One thing I have been working on lately is letting go of old versions of myself. We sometimes have this idea of who we are and when life happens and changes this idea, how do we let go? How do we fully embrace the new version of ourselves? We cannot fully live in the now if we are holding onto or grieving these different women we’ve become along the way.
Young and Carefree
If you know me, you know I have a terrible memory. I sometimes forget this girl. This girl had big dreams. She knew what she wanted in life and she was pretty sure she was going to get it. This girl loved to act, sing, and dance and swore she would be on the big screen someday. She loved to have fun. Wasn’t into drinking, never tried drugs, just had pure clean fun. She didn’t need much reassurance from anyone. She was confident and I think it was evident to everyone that met her.
This girl I remember clearly. She thought she was ready, at the very young age of 22, to take the giant leap into marriage. She was happy but lonely many times. None of her friends were married and everyone was out partying and living up their 20s. Nonetheless, she felt like she was doing what she was meant to do. She was meant to be someone’s partner. This girl was an elementary school teacher. She got home and did everything a wife was “supposed” to do. This wife was following her path—the path of building a family.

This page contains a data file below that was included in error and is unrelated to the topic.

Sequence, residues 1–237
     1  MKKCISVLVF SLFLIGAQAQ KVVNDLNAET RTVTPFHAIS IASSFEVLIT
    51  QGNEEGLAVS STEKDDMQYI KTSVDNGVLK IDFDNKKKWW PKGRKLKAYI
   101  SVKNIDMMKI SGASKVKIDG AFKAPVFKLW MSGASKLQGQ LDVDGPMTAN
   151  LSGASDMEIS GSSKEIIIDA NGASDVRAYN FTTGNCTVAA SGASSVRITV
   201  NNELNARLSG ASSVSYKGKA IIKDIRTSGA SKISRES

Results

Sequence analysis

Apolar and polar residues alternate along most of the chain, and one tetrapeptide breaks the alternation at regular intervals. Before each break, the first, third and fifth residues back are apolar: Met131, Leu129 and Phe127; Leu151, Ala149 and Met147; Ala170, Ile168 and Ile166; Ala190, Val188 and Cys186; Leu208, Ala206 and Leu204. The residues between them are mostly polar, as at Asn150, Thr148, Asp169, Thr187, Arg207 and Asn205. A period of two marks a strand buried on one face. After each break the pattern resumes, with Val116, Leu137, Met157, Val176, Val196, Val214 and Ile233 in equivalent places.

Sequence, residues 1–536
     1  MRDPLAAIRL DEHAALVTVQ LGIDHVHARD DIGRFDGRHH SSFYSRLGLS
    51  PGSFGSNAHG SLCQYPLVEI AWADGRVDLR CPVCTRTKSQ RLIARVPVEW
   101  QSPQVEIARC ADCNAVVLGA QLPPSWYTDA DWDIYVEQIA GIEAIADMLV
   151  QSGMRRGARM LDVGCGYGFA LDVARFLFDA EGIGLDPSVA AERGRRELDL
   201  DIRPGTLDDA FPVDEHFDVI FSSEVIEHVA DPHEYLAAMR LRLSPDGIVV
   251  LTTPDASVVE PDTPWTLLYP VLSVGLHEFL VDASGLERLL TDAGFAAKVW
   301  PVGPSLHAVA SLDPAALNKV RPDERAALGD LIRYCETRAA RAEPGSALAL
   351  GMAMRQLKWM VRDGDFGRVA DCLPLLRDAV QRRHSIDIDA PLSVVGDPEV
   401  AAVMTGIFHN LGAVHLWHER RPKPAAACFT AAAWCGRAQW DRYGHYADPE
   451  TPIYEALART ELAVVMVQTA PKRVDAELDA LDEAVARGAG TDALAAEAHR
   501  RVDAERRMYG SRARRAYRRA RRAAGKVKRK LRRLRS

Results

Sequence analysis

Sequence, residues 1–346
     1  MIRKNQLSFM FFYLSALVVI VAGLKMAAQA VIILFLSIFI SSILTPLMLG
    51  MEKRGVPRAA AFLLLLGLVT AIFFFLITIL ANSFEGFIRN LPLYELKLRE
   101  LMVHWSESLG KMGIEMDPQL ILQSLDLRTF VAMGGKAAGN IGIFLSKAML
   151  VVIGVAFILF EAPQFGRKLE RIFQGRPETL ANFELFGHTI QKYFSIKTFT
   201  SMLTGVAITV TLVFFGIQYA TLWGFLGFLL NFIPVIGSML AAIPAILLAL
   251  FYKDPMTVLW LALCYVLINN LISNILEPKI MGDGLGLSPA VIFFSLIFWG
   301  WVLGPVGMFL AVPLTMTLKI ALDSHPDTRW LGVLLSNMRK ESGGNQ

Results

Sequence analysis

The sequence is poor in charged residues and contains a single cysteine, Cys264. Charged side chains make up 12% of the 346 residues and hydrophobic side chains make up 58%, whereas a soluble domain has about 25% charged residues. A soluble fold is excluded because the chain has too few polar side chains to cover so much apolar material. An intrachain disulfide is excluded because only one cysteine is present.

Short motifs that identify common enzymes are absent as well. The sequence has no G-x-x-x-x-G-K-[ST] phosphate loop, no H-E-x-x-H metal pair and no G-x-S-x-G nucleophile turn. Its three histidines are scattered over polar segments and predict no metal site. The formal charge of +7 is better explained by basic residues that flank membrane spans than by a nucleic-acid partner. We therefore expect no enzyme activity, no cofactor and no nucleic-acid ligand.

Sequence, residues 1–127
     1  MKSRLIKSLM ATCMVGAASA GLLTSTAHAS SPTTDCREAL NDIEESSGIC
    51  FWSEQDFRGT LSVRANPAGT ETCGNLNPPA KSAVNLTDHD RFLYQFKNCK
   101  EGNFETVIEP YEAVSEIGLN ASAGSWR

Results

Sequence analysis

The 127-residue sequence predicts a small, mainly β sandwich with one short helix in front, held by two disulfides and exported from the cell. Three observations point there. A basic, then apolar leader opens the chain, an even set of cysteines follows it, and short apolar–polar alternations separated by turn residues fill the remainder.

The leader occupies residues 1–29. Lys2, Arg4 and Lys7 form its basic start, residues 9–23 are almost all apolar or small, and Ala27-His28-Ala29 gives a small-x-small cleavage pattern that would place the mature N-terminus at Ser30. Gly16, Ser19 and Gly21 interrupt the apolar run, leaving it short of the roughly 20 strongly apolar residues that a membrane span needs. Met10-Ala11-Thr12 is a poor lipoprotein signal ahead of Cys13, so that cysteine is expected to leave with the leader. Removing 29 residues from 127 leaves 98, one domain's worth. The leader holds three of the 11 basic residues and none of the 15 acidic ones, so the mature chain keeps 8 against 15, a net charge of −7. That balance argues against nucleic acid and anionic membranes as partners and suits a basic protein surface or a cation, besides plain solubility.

This woman, I am not grieving. I am her. A mom. Now that my kids have friends, I am known as “Tyler and Olivia’s mom.” I love this version of me. She is strong. Nothing can knock her down because she knows there are little eyes watching. She does what needs to be done and although she messes up, she doesn’t fail because failure is not an option when you are a mom.
The “What Am I?”
This is where I am at the moment and the version that I think women go through several times in their lives. I am now a single, working mom. A career woman while also being the mom running from activity to activity. There is a constant question about what this chapter is called while, at the same time, trying to start a new one. I believe the “What am I?” stage can be the most transformative.
When you realize that who you are today is made up of all those past versions of you, you do not grieve as much. You did not lose those women, they evolved and, piece by piece, made you today’s version. One day, today’s version will fade away and become the next tiny puzzle piece to your greater self. Instead of grieving the phases that are gone, celebrate all of them and accept exactly where you are.